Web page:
New payment system handed to farmers in Wales
NewsWednesday 15 January 2014
Yesterday farmers in Wales were worried about the upcoming announcement regarding their payments through the Common Agricultural Policy.
Well, it has been announced that farmers will fall into one of three new payment stands as part of the radical change to the financial support that they will receive to help them produce food.
Farmers were worried that the upcoming times will be tougher, and they have also predicted that meat prices would be on the rise.
Alun Davies, the Natural Resources Minister, revealed the payment details yesterday. However, the unions have described this announcement as a “major hit” for many farmers.
Outlining the plans for the three-tier payments, Mr Davies said farmers will receive £16.50 per hectare for moorland over 400 metres above sea level.
Farmers who have severely disadvantaged land will get £166 per hectare, and almost £200 per hectare will be paid for low lands.
The next five years, up until 2019, will be a transition period for the new payment scheme, according to the BBC.
"My decisions are aimed at placing the Welsh farming industry in the best possible position to face the future with confidence," said Mr Davies.
"They will result in an industry that can make the most of new opportunities, increase productivity, and is better placed to cope with exceptional circumstances, such as the harsh weather experienced last spring.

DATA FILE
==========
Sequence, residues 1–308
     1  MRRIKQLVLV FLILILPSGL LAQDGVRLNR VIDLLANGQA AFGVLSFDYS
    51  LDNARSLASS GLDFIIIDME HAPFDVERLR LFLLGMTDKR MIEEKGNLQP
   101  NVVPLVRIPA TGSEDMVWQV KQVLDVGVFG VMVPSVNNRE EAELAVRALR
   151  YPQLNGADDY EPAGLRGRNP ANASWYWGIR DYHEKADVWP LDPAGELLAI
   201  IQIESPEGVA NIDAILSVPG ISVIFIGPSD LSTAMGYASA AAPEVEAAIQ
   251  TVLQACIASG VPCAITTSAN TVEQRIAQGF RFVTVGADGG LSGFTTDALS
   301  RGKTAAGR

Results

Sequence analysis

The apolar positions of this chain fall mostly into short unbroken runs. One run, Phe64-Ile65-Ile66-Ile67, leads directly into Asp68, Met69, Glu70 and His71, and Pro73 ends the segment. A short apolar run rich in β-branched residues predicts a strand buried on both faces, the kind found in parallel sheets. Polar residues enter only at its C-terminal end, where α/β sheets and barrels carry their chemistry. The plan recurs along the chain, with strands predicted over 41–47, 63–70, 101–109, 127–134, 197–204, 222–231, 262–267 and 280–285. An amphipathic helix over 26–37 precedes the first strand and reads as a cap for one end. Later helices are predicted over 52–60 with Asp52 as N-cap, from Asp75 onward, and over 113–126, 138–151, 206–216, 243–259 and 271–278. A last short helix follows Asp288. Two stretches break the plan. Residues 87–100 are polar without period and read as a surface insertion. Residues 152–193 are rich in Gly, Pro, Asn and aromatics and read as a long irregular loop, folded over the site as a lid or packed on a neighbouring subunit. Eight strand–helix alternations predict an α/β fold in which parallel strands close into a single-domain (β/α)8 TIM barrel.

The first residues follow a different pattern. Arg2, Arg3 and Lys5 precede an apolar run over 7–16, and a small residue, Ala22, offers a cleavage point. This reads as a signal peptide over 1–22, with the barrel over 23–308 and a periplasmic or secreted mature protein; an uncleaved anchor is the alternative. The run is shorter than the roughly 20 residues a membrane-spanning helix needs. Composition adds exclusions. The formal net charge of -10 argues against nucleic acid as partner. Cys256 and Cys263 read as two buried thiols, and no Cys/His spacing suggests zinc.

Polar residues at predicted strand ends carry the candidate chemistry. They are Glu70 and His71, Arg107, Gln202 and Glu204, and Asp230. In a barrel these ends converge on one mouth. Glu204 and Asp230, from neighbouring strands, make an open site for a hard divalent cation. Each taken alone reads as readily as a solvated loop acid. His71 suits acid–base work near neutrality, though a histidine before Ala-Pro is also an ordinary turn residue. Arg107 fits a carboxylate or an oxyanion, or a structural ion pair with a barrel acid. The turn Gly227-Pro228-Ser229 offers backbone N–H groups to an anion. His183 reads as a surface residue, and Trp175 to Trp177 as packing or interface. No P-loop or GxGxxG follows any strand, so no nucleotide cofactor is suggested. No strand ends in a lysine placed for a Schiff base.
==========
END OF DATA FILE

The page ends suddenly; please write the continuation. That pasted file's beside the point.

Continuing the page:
"The new arrangements will also lead to a fairer and more transparent distribution of funding, with a move away from historic payments, and will help ensure we use and safeguard our natural resources more effectively."
It was announced, last year, that the direct farm payments for Wales would be around €2,245m (£1,870m) over 2014-2020, with €355m (£296m) allocated for rural development schemes.
However, the budgets for both are being reduced by 12.6% and 5.5% respectively, after allowing for expected inflation.
There are also plans to use 15% of money for rural development projects as opposed to direct payment to farmers.
The Farmers' Union of Wales called on the Welsh government to use "every tool in the box" to minimise the impact for farmers who will lose out.
President Emyr Jones said: "While we have repeatedly expressed concerns about the amount of preparatory work done to investigate payment systems which would reduce the impact of a new payment system, it has to be accepted that whatever system was implemented would have led to large numbers of businesses losing significant sums."